China’s vow to retaliate against President Donald Trump’s announced $50 billion worth of tariffs in the “same scale and the same strength” will be felt acutely in Iowa’s soybean fields and hog lots.
“The tit-for-tat is real,” Brooklyn farmer Craig Lang said, adding he’s concerned about the impact tariffs will have not only on Iowa farmers but the state’s economy.
Lang is one of five candidates who will try Saturday to persuade delegates to the Republican Party of Iowa to nominate them to be the state’s next Secretary of Agriculture. None of the five — Lang, Mike Naig, Dan Zumbach, Ray Gaesser and Chad Ingels — received the needed 35 percent of the vote in the primary election, so the decision will be up to delegates who will meet at the Iowa State Fairgrounds in Des Moines.
After Trump announced Friday he’d impose $50 billion worth of tariffs on Chinese products, Beijing announced it would do the same to the United States beginning July 6.
The products it said it would impose the 25 percent tax on include soybeans and pork.
According to estimates from the Iowa Farm Bureau, Iowa farmers sold nearly $2.3 billion in soybeans and $217 million in pork to China and Taiwan in 2015.
Although a $50 billion trade war with China amounts to three-fourths of 1 percent of the nation’s GDP, “guess where that all falls?” Lang asked. “Right here in the center of Iowa, and maybe some fruit and nut growers in California. We’re carrying the entire weight.”
Mike Naig, who was appointed ag secretary by Gov. Kim Reynolds earlier this year, Friday called for a quick resolution of the trade dispute “in a way that doesn’t place a disproportionate share of the retaliation on those of us in agriculture.”
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It’s not just farm products that are affected, Naig said, but intellectual property issues, market access, technology transfer requirements and biotech approval delays that impact farmers and businesses.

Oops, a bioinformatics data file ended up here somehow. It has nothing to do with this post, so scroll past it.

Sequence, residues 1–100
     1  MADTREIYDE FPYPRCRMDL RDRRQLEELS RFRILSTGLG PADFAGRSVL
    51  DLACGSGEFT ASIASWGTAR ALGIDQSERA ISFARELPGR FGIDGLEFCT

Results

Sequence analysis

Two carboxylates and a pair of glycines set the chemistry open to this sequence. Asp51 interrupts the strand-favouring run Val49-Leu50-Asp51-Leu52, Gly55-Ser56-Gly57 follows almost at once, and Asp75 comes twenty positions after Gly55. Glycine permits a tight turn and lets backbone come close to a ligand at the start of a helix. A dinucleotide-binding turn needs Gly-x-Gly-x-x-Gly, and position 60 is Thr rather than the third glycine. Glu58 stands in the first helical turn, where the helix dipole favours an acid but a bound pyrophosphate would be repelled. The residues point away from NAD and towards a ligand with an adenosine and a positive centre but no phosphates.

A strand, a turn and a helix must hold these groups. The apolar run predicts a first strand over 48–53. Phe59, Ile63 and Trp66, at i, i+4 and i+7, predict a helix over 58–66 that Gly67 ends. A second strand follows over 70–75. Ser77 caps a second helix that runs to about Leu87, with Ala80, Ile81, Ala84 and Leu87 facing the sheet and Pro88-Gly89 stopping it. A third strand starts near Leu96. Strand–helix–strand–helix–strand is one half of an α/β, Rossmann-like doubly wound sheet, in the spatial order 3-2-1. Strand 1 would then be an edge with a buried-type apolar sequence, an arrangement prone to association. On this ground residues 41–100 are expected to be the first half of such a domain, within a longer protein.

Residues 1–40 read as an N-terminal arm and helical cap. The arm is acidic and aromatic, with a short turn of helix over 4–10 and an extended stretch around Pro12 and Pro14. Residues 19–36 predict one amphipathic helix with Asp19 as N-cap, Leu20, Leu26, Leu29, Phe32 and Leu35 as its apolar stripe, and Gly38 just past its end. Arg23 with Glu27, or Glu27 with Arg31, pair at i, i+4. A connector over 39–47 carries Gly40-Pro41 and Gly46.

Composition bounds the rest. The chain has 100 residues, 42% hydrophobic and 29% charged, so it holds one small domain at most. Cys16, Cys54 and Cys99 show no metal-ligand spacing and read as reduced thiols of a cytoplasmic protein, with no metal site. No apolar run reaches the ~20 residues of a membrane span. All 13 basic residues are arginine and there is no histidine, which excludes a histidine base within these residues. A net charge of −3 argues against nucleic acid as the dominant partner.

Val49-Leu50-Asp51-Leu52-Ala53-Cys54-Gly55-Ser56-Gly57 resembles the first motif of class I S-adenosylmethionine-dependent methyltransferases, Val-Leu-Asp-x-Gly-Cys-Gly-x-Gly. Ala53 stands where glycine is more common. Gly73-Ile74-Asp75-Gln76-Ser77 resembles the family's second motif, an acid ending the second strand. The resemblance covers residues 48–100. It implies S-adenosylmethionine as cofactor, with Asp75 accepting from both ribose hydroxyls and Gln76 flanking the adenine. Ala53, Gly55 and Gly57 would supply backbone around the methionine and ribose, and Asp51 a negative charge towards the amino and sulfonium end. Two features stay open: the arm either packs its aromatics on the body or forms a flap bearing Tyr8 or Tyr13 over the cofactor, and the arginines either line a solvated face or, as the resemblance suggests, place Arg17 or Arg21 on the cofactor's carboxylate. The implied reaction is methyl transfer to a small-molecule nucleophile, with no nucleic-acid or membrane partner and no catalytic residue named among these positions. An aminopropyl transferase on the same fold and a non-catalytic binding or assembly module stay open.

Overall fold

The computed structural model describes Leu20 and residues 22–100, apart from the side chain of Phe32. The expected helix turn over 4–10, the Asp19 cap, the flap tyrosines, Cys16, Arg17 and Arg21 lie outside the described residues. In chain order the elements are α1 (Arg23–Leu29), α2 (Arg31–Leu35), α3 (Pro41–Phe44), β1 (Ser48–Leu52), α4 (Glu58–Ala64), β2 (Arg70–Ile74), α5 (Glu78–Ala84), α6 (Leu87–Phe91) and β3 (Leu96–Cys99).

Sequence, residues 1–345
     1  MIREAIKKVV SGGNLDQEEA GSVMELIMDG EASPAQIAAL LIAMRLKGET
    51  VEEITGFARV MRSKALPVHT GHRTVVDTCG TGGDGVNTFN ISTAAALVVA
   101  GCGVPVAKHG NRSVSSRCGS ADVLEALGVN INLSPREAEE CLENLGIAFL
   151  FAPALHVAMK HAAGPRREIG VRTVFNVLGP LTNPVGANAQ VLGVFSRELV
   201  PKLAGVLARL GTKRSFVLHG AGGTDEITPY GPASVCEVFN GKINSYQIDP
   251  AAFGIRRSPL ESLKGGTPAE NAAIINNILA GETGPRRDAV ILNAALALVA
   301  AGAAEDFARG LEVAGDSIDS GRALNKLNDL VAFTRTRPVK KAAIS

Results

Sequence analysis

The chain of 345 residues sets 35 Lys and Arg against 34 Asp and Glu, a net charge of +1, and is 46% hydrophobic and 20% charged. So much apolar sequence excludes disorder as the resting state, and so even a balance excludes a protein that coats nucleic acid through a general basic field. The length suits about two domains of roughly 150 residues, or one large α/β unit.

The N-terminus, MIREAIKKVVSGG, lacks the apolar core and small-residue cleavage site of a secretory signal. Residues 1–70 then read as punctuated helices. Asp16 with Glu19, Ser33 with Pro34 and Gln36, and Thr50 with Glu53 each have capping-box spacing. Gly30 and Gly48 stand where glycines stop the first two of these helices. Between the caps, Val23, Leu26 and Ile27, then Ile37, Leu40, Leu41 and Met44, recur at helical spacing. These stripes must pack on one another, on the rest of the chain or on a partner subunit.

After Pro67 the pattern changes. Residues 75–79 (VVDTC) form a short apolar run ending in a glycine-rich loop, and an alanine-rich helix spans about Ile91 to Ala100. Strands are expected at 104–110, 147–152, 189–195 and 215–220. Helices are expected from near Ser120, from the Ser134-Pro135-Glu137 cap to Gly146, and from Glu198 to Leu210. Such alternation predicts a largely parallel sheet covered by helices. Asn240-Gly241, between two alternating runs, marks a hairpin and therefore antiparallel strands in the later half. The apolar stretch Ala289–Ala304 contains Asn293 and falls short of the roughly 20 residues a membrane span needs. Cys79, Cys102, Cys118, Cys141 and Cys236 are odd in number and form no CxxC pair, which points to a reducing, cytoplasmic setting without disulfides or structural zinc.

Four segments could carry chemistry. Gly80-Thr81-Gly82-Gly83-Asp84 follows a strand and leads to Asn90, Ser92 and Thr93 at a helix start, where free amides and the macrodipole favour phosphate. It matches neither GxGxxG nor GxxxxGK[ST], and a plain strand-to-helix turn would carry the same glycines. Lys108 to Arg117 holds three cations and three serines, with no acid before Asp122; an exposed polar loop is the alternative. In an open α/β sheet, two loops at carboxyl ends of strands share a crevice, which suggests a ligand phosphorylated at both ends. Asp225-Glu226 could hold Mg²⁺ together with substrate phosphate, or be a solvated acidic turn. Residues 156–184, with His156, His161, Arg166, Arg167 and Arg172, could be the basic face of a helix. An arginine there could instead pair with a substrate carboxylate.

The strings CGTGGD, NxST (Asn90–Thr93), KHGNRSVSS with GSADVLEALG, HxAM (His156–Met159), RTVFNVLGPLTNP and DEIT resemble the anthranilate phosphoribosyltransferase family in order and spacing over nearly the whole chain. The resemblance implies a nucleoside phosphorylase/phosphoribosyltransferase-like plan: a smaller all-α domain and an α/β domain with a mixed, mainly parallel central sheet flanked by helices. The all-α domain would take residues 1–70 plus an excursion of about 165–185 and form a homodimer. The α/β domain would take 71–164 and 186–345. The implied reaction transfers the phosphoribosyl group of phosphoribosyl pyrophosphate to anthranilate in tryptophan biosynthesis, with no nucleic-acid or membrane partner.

Farmers want free and fair trade, but Ingels, of Randalia, doesn’t believe Iowa farmers have been getting a fair deal with China all along.
“I support President Trump’s actions at this point to get us a better deal in the future,” Ingels said. That may put Iowa pork and soybean producers in a difficult situation for a time, but “I really believe the president is trying to get a better deal for American farmers and manufacturers in the long run.”
Zumbach, who farms near Ryan, said the United States has been on the losing end of trade with China for years “and this arrangement is no longer sustainable.”
“As chairman of the Senate Agriculture Committee, I met with a trade delegation from China to learn more about the wants and needs of both countries,” he said. “Not only do we have a willing buyer and a willing seller, but Iowa is well-known overseas for its safe and reliable agricultural products.”
However, with farm income forecast to be lower for the fifth time in six years, Democratic ag secretary nominee Tim Gannon said “the market uncertainty Chinese tariffs on our beans, pork, corn, beef and other agricultural products will mean real pain for Iowa farmers and will ripple through the economy. The pain will be shared by the implement dealers, factory workers, seed sales businesses, and others on Main Street who depend on a strong ag economy.”
A trade war of any length could upset the markets Iowa has developed with China, Lang said.
“We were becoming the primary provider of pork to China, but now we will be the residual provider,” he said.
It’s estimated that Iowa pork producers already have lost $2.2 billion in potential sales.
The eventual Iowa ag secretary along with “farmers, commodity groups and agriculture advocates need to be a part of this trade discussion, and deserve a seat the table as we continue to negotiate for a better deal,” Zumbach said.
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The trade dispute “is a good reminder that we need to continually market our products to new countries and consumers at all times,” Ingels said. “The secretary should work with all the commodity groups to continue to build diversified markets around the world,” he added.
Lang also would advise farmers, commodity groups the governor and lawmakers to develop new markets because “we can’t rely on a single destination” for Iowa commodities. “They have to be processed, they need to be boxed, they need to be marketed, so we keep that part of the consumer dollar in Iowa.”
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